Fox argued that exemplary electronic theses are now providing models for a new information genre in which authors can express their findings, using navigable media and links creating alternative information spaces to reach different audiences. The multilingual UNESCO International Guide for the Creation of ETDs (http://etdguide.org ) was announced along with an appeal for contributors.

Intellectual property issues were covered in a number of sessions. In particular a breakout session about the publisher perspectives on the appearance of ETDs addressed the perennial decision that all Ph.D. candidates face in the current system of journal-based peer-review validation: Does an ETD constitute prior publication? According to the survey conducted at Virginia Tech there are only a few publishers with the policy that ETDs do constitute prior publications. This issue thus appears to loom larger than it is in actuality. This presentation is summarized in "Do ETDs Deter Publishers? Coverage from the 4th International Symposium on ETDs," Gail McMillan. College and Research Libraries News, v. 62, no. 6 (June 2001): 620-621.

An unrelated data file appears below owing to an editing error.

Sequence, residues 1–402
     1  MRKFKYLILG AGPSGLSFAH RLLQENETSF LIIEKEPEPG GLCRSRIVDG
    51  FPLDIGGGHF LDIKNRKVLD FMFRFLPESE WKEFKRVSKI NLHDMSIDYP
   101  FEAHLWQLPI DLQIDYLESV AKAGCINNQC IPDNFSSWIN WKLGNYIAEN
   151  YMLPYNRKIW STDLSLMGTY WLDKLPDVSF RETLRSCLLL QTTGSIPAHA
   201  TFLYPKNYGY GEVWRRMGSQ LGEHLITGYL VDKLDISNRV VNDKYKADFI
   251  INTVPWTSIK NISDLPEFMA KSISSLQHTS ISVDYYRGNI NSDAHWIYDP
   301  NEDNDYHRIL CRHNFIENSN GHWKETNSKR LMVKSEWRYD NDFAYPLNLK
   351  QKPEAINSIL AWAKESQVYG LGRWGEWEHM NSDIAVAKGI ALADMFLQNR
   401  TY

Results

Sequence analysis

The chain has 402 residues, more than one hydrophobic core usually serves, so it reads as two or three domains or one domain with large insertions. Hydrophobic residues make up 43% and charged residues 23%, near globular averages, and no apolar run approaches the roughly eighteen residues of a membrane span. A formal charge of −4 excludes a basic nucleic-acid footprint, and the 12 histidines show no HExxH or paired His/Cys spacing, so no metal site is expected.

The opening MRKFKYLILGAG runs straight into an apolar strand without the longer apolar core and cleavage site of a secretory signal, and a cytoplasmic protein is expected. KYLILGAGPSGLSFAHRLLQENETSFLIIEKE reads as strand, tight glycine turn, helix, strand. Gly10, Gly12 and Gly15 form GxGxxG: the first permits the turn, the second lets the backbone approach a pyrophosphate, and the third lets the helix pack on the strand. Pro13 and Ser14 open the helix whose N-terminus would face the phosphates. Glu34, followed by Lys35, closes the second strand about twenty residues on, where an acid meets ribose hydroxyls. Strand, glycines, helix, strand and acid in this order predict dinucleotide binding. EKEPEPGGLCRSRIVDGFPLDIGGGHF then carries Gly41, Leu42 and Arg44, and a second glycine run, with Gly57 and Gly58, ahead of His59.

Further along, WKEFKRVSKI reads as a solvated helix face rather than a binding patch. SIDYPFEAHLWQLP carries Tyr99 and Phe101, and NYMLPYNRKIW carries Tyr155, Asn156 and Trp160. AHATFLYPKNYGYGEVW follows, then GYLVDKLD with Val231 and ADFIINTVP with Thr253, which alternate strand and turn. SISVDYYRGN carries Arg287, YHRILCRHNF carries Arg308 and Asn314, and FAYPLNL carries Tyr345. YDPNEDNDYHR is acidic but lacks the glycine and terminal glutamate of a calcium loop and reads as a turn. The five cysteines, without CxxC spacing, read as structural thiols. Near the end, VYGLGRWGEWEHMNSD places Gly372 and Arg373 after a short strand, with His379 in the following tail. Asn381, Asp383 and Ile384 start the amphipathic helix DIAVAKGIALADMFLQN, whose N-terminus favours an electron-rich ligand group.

In another breakout session efforts to use XML as a native format to support archiving by a number of institutions (University de Chile, Universite de Lyon 2, University of Montreal, University of Iowa and the Humboldt-Universitaet zu Berlin) were described. However, there is still much work to be done. In the meantime Acrobat's PDF continues to rule as the more generally accepted and production-ready file format despite its proprietary nature. Nevertheless XML and PDF are acknowledged to be complementary, and institutions will do well to begin with PDF while educating and also making efforts to integrate XML into their processes.